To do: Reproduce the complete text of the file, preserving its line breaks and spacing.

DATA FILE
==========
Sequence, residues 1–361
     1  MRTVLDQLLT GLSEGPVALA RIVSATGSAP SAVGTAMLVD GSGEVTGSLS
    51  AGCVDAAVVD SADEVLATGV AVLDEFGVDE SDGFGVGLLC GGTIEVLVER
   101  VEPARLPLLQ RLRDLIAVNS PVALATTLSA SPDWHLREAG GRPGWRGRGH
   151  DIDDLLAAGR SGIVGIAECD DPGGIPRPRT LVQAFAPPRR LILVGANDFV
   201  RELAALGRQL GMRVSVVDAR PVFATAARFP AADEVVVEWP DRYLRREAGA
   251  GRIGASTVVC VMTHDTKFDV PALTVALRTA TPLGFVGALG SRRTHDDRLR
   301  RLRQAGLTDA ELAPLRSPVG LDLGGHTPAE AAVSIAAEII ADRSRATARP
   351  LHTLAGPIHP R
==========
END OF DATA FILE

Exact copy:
Sequence, residues 1–361
     1  MRTVLDQLLT GLSEGPVALA RIVSATGSAP SAVGTAMLVD GSGEVTGSLS
    51  AGCVDAAVVD SADEVLATGV AVLDEFGVDE SDGFGVGLLC GGTIEVLVER
   101  VEPARLPLLQ RLRDLIAVNS PVALATTLSA SPDWHLREAG GRPGWRGRGH
   151  DIDDLLAAGR SGIVGIAECD DPGGIPRPRT LVQAFAPPRR LILVGANDFV
   201  RELAALGRQL GMRVSVVDAR PVFATAARFP AADEVVVEWP DRYLRREAGA
   251  GRIGASTVVC VMTHDTKFDV PALTVALRTA TPLGFVGALG SRRTHDDRLR
   301  RLRQAGLTDA ELAPLRSPVG LDLGGHTPAE AAVSIAAEII ADRSRATARP
   351  LHTLAGPIHP R